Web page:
1. I use Earth Balance Buttery Sticks, found at Whole Foods, whenever I make something for my Dad due to his dietary restrictions. They work well, taste fine, and they are vegan.

                        1. I realize it depends on the person but I am lactose intolerant and I don't have any problems with butter. Cheese or milk are very very unpleasant but butter seems to be okay. It is probably because of the low lactose quantity in butter compared to other milk products.

                          I would certainly do a test before I recommended just making him something with it though :)


                          2 Replies
                          1. re: daily_unadventures

                            I was just wondering about this. Butter has almost no lactose in it to begin with. I understand why milk-allergic people would have a problem with it, but I would think you would have to be *extremely* lactose intolerant to have a reaction to butter.

                            1. re: jlafler

                              I've never had a problem with butter. If he's really having issues, it's probably more of an allergy instead of an intolerance. Most people who are intolerant can have a certain amount of lactose before they have any negative reactions.

                          2. Do consider using CherryBrook brand of cake mix. The cake is absolutely delicious and has no diary (nor peanuts, eggs, wheat, or practically any allergen). I don't know how they make this cake taste so good, but I made it for my daughter's class because of peanut and diary allergy classmates and I was stunned at how delicous the cake is. The CherryBrook icing calls for Margarine and you have to use unsalted Fleishman's or some other dairy-free margarine. Good luck!

                            1. Bryers makes a GREAT! lactose free Vanilla ice cream - in Sacramento area Raley's and Winco carry it. (http://www.icecreamusa.com/products/p...


                              Also, Spring Hill Cheese Co. (http://www.springhillcheese.com) makes lactose free cheese and butter.

                              1. You're right - if they can make lactose free ice cream, why not butter. But until that time we who are lactose intolerant do have choices. When I bake, I use Fleishman's unsalted margarine which is lactose free. cholesterol free and pareve, but you can use any lactose free margarine. I only use the stick margarine because it's easier to figure measuring. I've had great success with everything I've baked this way and it's impossible to tell it's margarine and not butter. In addition to that I use Splenda (granulated) which uses half the amount of sugar. My cakes and pies come out really delicious. Just the other day I baked an almond cake and it was sensational. So, take heart - you can make almost any recipe you find by substituting margarine.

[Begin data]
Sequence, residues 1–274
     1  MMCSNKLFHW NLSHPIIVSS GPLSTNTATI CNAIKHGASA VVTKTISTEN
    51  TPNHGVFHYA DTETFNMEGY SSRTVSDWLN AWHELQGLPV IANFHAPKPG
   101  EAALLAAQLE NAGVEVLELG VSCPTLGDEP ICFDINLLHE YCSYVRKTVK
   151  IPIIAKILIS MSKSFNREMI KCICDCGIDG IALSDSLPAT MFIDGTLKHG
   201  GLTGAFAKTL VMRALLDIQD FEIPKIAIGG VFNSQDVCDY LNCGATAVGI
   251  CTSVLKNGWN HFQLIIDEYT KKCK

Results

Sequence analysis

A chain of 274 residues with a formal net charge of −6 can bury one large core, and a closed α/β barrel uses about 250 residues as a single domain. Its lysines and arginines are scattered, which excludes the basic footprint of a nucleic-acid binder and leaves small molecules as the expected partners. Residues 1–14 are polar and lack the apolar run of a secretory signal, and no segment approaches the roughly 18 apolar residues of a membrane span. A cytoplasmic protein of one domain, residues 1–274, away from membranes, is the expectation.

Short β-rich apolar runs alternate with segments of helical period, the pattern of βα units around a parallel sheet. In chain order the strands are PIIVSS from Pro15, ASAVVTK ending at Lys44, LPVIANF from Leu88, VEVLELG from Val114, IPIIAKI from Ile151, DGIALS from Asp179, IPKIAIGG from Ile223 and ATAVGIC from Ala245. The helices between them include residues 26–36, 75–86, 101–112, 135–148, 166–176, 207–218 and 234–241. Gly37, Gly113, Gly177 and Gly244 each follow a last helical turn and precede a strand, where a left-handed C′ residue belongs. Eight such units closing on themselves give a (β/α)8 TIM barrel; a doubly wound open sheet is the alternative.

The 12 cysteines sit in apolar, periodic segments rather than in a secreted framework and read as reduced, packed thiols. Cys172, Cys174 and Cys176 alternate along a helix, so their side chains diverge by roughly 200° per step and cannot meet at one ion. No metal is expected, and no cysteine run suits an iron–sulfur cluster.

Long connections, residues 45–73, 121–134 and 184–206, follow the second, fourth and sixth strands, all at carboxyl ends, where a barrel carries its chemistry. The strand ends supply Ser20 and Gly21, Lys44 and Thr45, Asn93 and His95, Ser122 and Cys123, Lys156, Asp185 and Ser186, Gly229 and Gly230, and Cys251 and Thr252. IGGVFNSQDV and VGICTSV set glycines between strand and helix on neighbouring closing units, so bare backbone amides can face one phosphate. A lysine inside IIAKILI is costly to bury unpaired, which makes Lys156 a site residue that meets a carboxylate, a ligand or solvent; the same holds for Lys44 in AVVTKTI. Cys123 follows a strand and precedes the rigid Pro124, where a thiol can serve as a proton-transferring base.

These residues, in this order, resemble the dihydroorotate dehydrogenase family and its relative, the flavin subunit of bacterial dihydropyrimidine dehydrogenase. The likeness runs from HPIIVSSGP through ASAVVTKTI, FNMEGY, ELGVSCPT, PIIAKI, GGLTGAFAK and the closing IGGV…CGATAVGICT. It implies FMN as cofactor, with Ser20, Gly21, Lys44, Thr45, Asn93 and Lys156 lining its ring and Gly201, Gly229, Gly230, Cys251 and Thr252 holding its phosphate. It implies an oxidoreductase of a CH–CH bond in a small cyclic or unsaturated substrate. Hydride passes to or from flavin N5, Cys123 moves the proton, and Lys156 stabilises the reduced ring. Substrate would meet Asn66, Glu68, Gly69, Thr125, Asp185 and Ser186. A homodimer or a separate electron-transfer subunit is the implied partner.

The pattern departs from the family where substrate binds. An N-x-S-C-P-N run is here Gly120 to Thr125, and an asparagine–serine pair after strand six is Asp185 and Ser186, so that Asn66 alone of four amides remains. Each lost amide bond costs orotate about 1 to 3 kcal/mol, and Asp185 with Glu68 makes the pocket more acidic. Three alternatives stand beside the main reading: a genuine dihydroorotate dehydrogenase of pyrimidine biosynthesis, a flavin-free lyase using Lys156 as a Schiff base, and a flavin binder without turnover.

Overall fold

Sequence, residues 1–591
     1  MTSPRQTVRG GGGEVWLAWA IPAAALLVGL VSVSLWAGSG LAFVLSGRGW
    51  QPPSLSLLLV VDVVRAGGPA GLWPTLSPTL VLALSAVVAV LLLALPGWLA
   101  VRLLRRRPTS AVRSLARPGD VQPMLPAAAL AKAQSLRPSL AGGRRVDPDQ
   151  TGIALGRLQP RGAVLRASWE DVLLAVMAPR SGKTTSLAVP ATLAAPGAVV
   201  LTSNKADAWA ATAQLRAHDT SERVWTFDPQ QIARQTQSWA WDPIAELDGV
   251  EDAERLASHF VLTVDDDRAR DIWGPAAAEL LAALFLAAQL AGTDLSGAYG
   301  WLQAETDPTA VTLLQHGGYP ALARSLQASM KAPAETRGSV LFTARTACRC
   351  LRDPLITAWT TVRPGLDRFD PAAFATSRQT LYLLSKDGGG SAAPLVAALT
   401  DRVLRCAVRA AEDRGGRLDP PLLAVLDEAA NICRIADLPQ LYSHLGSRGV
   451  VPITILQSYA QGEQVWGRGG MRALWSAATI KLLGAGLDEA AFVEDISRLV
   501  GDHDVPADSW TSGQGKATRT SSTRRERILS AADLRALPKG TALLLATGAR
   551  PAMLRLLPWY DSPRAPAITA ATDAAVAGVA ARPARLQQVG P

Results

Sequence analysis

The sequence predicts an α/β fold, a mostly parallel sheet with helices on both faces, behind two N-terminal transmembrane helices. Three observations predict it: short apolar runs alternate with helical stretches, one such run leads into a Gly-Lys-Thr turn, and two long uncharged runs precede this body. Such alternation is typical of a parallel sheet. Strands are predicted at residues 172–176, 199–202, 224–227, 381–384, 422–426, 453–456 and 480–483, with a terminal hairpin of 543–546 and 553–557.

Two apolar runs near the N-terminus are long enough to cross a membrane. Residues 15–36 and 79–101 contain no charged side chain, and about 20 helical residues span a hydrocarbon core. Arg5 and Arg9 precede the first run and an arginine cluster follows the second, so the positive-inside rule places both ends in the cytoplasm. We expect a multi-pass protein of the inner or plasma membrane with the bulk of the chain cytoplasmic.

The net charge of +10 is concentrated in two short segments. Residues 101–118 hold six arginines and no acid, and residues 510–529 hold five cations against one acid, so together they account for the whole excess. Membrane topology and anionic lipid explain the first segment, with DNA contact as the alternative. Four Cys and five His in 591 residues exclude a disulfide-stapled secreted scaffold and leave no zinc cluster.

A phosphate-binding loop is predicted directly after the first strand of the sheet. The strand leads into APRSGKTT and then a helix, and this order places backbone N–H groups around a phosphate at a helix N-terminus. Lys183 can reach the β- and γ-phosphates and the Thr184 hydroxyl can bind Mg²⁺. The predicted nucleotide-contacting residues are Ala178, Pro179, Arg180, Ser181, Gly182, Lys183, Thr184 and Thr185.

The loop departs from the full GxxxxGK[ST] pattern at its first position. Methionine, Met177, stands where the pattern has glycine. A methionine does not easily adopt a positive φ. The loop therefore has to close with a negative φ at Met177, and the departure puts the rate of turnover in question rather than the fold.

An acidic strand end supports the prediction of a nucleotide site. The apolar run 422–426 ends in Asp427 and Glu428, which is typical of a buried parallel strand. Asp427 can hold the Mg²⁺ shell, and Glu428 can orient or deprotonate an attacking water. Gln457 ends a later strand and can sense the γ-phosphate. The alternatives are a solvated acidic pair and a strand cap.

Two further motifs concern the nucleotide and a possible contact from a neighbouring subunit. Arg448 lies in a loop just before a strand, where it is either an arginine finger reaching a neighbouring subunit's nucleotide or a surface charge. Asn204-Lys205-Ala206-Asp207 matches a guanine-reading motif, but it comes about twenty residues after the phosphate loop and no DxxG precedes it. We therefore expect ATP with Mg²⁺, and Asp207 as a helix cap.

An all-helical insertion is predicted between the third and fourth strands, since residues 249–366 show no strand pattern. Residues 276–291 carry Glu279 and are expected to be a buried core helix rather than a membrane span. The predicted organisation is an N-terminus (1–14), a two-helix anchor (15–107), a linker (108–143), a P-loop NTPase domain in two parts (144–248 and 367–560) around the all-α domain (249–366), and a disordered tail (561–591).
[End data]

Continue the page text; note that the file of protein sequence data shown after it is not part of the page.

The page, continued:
1. Another vote for Earth Balance. Also, there's a relatively new cookbook out called "Vegan Cupcakes Take Over the World" that has lots of dairy (and egg) free cake and frosting recipes. I made my first recipe out of it last week and it was great--I plan to try other recipes, too.

                                  1. After living a childhood without dairy, yes, you can make almost any recipe you find by substituting margerine, but butter is better.

                                    I basically grew up on Fleischmann's margerine. I live in a family of lactose intolerants and dairy allergies, and no one really has a problem with butter use in baking. I don't think I'd make a buttercream frosting, but a stick of butter in a cake has not particularly hurt since my teens, and I am allergic to dairy. My big thing is moderation with my dairy intake: only a little a day (like 1/.2 of milk).

                                    1. I have done a fair bit of baking using Mother's unsalted. It really is a great product for most baked recipes. I use it in cakes, cookies, muffins, etc. That said, I probably would not use in a butter driven recipe like lemon curd or buttercream. I think I would probably find another recipe that isn't as reliant on butter. In rour case, instead of buttercream frosting maybe you could make a meringue. I would also definitely check out ppk.com (a vegan site with special attention to baking) and/or Isa's books like vegan cupcakes take over the world. Vegan baking will give you some great ideas and help you avoid any lactose issues.

                                      1. I'd look into something with angelfood cake and fresh fruit. No fats in there - esp if it's home-made! Good luck!

                                        1. im lactose intolerant and butter doesn't do anything to me. just use the regular stuff or take lactaid.

                                          1. Yes it does exist definitively, Fleischmans unsalted margarine not Fleishmans original is 100% lactose free. Butter is low in lactose and even though some here say indian food bothers them ghee is indeed if made properly 100% lactose free. One can substitute Fleischmans unsalted margarine for any recipe for butter with no worries at all. I make lactose free butter all the time by adding lactaze drops to cream waiting a day to remove the lactose and then churning butter. This way you get the authentic butter taste.

                                            1. There used to be a brand of margerine called Nucoa. It was marketed as a "no-burn" margerine, but it was lactose free/pareve and someone I know who could not tolerate any milk products used it all the time. I haven't seen it in stores in a long time, don't know if it is still available.

                                              1. Smart Balance LIght is a parve/dairy free item. It has an excellent taste and works well in cooking and baking.